The National Highway Traffic Safety Administration recently issued the final statistics for 2019. The sad news here is that the number of fatal crashes involving trucks remained essentially unchanged — the total number of deadly crashes involving at least one semi-truck went from 5,006 in 2018 to 5,005 in 2019. These numbers are based on commercial and non-commercial trucks weighing 10,000 pounds or more.
Overall rates dipped
While the rates for heavy trucks remained the same, the overall rate of traffic fatalities dipped from 36,835 in 2018 to 36,096 in 2019, for a 2% decrease. That adds up to an overall fatality rate of 1.10 per 100 million vehicle miles traveled, down from 1.14 in 2018 and the lowest overall rate since 2014.
Troubling projections for 2020
The NHTSA also released preliminary projections for 2020, based on estimates from the first six months of the year. The total number of road-related fatalities was 16,650, a 2% decrease over the same period in 2019 (16,988 deaths). This data is based on an estimated 264.2 billion miles traveled, a 16.6% decrease in the number of miles traveled. The fatality rate per 100 million miles was 1.25, which should be cause for concern.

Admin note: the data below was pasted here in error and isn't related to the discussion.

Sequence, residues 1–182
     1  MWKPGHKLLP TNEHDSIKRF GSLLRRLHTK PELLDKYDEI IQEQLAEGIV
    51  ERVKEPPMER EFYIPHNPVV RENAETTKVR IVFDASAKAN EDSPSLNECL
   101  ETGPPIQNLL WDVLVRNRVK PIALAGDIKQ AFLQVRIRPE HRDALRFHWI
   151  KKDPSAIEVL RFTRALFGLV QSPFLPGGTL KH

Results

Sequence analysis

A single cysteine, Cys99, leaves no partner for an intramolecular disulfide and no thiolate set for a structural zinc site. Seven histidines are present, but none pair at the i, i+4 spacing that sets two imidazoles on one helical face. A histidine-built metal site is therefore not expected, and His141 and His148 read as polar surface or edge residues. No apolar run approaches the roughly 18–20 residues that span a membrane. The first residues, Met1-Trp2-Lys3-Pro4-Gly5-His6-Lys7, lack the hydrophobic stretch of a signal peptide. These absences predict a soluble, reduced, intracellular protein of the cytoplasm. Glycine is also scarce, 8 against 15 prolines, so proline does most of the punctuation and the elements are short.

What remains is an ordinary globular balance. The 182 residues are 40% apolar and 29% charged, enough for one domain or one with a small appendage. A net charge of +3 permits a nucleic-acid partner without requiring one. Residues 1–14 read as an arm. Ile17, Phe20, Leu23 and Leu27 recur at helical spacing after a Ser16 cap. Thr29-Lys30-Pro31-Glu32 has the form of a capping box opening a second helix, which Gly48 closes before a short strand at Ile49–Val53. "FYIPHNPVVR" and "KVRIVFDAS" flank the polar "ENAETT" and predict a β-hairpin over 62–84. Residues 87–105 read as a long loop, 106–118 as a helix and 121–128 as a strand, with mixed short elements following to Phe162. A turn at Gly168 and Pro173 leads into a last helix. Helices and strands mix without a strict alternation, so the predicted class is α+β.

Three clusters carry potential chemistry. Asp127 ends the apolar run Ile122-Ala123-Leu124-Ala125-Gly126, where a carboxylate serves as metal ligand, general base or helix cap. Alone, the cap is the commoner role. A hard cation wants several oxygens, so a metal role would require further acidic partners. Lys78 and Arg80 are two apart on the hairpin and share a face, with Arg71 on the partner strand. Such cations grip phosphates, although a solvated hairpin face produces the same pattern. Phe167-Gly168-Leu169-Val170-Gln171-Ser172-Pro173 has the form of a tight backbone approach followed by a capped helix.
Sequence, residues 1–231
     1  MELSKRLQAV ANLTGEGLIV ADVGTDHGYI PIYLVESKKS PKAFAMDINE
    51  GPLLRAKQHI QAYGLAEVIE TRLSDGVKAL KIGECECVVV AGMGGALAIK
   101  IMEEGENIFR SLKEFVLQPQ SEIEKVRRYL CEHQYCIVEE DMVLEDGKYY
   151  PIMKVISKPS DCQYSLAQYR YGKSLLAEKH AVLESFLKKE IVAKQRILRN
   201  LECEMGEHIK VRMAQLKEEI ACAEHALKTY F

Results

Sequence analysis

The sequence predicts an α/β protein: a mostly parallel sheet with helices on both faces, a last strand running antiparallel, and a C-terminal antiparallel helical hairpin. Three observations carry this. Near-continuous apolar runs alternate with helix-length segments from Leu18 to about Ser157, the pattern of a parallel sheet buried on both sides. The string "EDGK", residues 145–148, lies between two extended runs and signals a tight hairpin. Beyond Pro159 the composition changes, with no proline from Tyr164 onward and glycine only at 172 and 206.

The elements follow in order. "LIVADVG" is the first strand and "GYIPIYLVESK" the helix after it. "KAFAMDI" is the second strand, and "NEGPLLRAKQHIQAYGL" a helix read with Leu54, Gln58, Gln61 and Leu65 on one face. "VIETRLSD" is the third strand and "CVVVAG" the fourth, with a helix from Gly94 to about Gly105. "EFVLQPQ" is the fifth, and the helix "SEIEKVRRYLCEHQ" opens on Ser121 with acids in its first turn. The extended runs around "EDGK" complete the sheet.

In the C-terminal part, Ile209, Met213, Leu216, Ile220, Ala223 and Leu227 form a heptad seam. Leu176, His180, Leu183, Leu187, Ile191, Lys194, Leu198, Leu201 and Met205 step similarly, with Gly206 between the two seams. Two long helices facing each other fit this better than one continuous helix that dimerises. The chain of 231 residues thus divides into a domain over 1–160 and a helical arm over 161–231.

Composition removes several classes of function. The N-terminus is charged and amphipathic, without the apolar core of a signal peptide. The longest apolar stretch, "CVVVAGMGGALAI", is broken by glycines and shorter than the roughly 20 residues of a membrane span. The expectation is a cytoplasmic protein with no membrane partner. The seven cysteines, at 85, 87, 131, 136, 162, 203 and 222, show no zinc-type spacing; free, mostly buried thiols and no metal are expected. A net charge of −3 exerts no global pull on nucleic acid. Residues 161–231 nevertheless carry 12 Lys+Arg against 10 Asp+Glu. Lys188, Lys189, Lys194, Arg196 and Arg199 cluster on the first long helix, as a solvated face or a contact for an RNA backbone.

Trucks still on the road
Trucks provide an indispensable service for moving goods around the country. Many drivers had caps on hours lifted so they could drive more miles in 2020, which likely led to an equal or higher number of crash fatalities caused by trucks.
There are also reports that truck drivers are engaging in the same risky behavior as other drivers during the current national health emergency. The NHTSA cites truck drivers failing to use seatbelts, speeding, and driving under the influence of drugs or alcohol.
Victims can hold drivers accountable
Those who lose loved ones due to tragic but avoidable circumstances like these may wish to take action to hold the careless drivers accountable for their negligent behavior.